“SuperDFM – HoneyBee contains a combination of LAB’s as well as beneficial
Bacillus spp., and yeast used to diminish disease in bees and brood.
Feed both Spring and Fall for Healthier Hives – 10 grams (one table spoon) per hive.
Establish Beneficial Microflora
✔ Helps Increase Bee Colony Health
✔ May help inhibit chalkbrood (Ascophera apis)
✔ Microflora have a positive effect on Vitellogenin (fat body) formation
(The health of honey bee colony is dependent upon
vitellogenin reserves of the nurse bees)
✔ Yeasts help synthesize B-vitamins needed for bee health
✔ Quick and easy to use
✔ Sold in heat sealed and moisture proof pack”
I have been in conversation with beekeeper in Michigan who is currently involved in research trial’s with Strong Microbial Inc out of Milwaukee Wisconsin. They have developed a product which inoculates the hive with beneficial bacteria along with over thirteen active agents (all listed) to increase the health of the honeybees digestive tract. beesource.com
On my farm we have available pollen from April right though September. Supplemental feeding has not been a focus. But I think the issue we are starting to face up here is the amount of nutrition bees are actually able to extract from all this available pollen. A substantial part of this diet has been treated with fungicide and that is what the bees are using to build the winter populations. This is the point of time prairie beekeepers, who make a living on the yellow country side, need to focus our attention. Not only from negative effects fungicide MAYBE having on the bees ability to process food, but also stresses from diseases like noseama that ARE having huge negative implication on how the bees are utilizing nutrition. Treatments to control noseama may also be negatively affecting the living organisms in the bees gut further adding to the entire problem. Secondary infections like Chalkbrood set in and take the edge off a growing colony.
My objective as a beekeeper is to create a healthier bee digestive tract. This product has hooked my interest. Inoculation of the hive with beneficial bacteria along with micro flora builder agents ensure the bees digestive tract has a thriving micro flora population. In cooperation with Strong Microbial’s field agent, I will be running an independent 50 hive test trial of this product. As recommended by the field agent, I will give the test hives one treatment in the spring as the bees build their summer populations, and one treatment late summer as the bees prepare winter bees. These hives will be managed exactly the same as the rest of the hives in my apiary except I plan on also running micro trials using and not using fumagillin with none inoculated and inoculated hives. It will be interesting to see how it all pans out. Strong Microbial test trials have already shown a 10 fold decrease on the bees intestinal microbes from using fumagillin. Im looking at seeing if treatments with fumagillin followed up with a treatment of DFM will show signs of improved hive performance.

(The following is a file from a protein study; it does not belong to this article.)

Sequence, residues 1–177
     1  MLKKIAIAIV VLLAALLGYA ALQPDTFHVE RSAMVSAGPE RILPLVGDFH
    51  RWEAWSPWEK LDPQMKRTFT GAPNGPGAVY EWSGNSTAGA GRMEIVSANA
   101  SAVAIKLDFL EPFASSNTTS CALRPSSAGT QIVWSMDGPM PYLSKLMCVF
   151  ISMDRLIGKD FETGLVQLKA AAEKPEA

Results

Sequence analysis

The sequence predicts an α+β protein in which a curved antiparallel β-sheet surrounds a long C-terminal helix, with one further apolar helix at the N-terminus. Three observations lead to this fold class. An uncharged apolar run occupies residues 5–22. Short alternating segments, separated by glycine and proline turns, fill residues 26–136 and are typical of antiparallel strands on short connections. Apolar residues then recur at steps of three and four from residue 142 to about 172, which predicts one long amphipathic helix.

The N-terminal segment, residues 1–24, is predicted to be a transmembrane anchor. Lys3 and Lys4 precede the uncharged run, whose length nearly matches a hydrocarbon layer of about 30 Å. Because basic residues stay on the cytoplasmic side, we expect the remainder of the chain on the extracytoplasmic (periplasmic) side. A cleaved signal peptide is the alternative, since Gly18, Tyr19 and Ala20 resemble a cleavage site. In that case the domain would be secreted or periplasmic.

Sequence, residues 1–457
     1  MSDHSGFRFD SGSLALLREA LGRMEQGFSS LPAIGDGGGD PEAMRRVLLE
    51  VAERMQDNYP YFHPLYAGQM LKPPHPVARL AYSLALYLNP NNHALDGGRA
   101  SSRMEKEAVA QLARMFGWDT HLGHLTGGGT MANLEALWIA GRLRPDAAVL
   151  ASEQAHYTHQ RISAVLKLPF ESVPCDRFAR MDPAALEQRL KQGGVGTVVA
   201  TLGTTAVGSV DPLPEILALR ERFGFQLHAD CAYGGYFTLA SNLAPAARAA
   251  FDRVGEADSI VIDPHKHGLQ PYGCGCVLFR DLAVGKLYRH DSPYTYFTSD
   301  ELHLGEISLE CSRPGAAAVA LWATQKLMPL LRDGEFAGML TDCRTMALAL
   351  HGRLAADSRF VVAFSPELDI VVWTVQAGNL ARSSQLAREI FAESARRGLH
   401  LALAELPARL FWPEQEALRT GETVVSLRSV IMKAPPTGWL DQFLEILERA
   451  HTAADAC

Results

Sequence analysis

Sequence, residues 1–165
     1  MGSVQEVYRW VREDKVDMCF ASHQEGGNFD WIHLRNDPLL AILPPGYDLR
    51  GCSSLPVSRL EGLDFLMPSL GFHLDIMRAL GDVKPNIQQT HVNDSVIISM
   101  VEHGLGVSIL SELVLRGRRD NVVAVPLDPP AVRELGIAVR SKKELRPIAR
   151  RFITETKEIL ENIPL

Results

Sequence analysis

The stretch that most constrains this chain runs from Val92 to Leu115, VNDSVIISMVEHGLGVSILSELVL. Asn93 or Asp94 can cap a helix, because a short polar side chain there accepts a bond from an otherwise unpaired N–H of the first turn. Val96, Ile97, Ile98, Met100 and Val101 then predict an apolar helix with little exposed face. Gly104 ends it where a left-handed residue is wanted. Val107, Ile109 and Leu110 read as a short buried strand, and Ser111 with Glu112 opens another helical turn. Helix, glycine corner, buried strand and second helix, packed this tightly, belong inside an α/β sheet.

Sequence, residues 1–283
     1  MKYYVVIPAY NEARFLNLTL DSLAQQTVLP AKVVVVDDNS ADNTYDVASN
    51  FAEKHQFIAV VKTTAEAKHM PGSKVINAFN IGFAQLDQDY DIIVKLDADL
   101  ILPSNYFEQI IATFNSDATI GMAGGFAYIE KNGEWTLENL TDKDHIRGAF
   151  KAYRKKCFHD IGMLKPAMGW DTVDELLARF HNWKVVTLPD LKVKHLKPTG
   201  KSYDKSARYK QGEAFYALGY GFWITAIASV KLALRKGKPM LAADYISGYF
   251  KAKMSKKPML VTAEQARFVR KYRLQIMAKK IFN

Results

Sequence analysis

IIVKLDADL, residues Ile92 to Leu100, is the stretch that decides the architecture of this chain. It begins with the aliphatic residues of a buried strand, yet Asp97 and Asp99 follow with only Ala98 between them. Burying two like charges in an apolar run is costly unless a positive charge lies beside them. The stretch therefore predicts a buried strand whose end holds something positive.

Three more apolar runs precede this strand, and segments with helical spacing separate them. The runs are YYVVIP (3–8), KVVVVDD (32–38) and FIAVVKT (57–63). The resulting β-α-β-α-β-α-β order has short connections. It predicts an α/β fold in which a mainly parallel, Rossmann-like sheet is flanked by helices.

Unlike the microbiologists at Strong Microbial, I will not be analyzing the bees microbial populations in their digestive tract unless they request samples. I will be merely measuring the efficacy from the beekeepers perspective, observing actual hive performance.
Today I spent some time in the wintering shed sweeping the floor, removing the entrance reducers and playing around with the Thermal Image Gun. It was nice to have a motivating factor (the Thermal Gun) to help me push through the entrance work, 900 times over… I had to use pliers as the entrances were glued and many hives were clustered up against them. I had swept a wheel barrel of bees which seemed like lots to me but I noticed looking back years into this blog I say the exact same thing every time I sweep! lol
I finally figured how to use the Thermal Image gun. I locked the temperature scale to keep the heat signatures consistent as I walked around the isles. Most importantly I found the focus, which helped define my picture. As you can see this device will be very useful for the Crop Insurance agent determine if there are actually live hives stored away in the boxes. There is no way a beekeeper can mis represent the condition of his stock even to an agent who knows nothing about beekeeping. My purpose of renting this gun was to see if I could read the heat signature of the hives to be able to assess the strength and condition of the hives while stacked in the shed.
The application of this unit did show some usefulness in assessing the hives girth. There were a few variable which prevented me from being able to accurately and quickly measure the size of each hive. One being cluster position. This picture show hives at the end of the row, which shows the front and side of the hives. To get an accurate measurement of the hives size I would need to be able to look at more than just the front of each hive.
The other huge variable I had not considered was the activity differences between hives. As seen in this picture, the two top left hives show a large heat signature, while the hives around them show little. Four out of the six hives around these two hot hives hold an identical cluster size….
So… all in all, this gun was neat to play around with in the shed and it did prove my hives are in good shape but using it to assess hive strength proved to variable to accurately measure. Useful for the Insuracne agent who knows nothing about bees but not so useful for the beekeeper who can get just as much information out of the hive by looking in the front entrance.